Curry et al. have used the potential energy anomaly difference between the Labrador Sea and Bermuda as a measure of the transport of the Gulf Stream system. Curry and McCartney have pointed out their index correlates well with the latitude of the north wall. The GSNW index is therefore a measure of changes in the large-scale ocean currents.
The latitude of the north wall in any year, as described in the GSNW index, is a delayed response to atmospheric changes over the North Atlantic Ocean, and especially to the North Atlantic Oscillation (NAO). Gangopadhyay et al. found that the point of separation of the Gulf Stream from the US coast was determined by the wind patterns across the ocean two or three years earlier, which they attributed to the passage of Rossby waves across the ocean. The GSNW index has been observed to follow the North Atlantic Oscillation with a lag of two years which is in agreement with (but Joyce et al. reported a shorter delay). Hameed and Piontkovski have shown the index seems to be most sensitive to the Iceland Low. Taylor and Gangopadhyay have used a simple model developed by Behringer, Regier and Stommel to predict the latitude of the Gulf Stream on the basis of the NAO (see Fig. 1). This model has also been tested using data from a coupled ocean-atmosphere model. The latitude of the Gulf Stream is also affected by the El Nino-Southern Oscillation in the equatorial Pacific Ocean.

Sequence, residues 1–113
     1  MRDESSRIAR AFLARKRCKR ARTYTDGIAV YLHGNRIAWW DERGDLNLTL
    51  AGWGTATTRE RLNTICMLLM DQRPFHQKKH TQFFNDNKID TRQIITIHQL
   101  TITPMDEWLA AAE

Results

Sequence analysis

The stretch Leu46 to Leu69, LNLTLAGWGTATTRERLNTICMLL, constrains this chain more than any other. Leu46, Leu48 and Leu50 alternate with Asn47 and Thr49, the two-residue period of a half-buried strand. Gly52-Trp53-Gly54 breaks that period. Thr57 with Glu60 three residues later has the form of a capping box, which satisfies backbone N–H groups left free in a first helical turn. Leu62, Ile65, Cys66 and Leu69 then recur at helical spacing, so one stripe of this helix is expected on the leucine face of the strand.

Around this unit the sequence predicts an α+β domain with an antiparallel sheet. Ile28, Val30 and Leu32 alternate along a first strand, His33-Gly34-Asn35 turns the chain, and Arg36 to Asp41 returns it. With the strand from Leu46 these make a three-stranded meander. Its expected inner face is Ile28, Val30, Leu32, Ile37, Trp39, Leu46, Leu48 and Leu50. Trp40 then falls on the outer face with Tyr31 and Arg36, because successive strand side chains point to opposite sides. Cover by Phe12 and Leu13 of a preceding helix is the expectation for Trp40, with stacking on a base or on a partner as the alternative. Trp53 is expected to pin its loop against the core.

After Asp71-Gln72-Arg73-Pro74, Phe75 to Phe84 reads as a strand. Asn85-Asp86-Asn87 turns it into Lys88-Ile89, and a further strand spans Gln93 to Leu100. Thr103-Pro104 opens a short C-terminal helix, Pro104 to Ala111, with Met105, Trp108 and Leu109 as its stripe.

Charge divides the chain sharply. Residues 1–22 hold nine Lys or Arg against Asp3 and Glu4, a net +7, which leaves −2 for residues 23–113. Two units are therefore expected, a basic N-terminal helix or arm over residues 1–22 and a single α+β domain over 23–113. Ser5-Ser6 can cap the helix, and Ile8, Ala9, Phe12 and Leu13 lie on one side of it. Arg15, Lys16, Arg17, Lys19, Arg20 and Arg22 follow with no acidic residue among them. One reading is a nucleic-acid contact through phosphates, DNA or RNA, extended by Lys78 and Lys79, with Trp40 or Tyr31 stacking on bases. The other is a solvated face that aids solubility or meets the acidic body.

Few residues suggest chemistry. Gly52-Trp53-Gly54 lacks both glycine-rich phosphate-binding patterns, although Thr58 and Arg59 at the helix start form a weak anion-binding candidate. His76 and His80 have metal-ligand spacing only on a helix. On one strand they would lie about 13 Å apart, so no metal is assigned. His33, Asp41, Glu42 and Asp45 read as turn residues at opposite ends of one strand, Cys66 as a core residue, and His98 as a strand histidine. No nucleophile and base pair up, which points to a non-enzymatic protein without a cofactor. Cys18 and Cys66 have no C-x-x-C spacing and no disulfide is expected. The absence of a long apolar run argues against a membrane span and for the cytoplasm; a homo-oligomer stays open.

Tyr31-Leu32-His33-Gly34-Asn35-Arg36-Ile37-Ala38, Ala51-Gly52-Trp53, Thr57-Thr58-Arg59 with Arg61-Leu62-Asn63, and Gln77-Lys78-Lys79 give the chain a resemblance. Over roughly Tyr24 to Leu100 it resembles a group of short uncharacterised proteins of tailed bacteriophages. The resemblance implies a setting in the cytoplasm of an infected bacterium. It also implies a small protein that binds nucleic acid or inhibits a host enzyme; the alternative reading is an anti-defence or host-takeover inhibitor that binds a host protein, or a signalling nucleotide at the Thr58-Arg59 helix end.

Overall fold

(Figure in preparation)
Fig. 1 Latitude at which the Gulf Stream leaves the US coast as predicted by the Behringer, Regier and Stommel model compared with observations over 40 years (The graphs are in standardised units).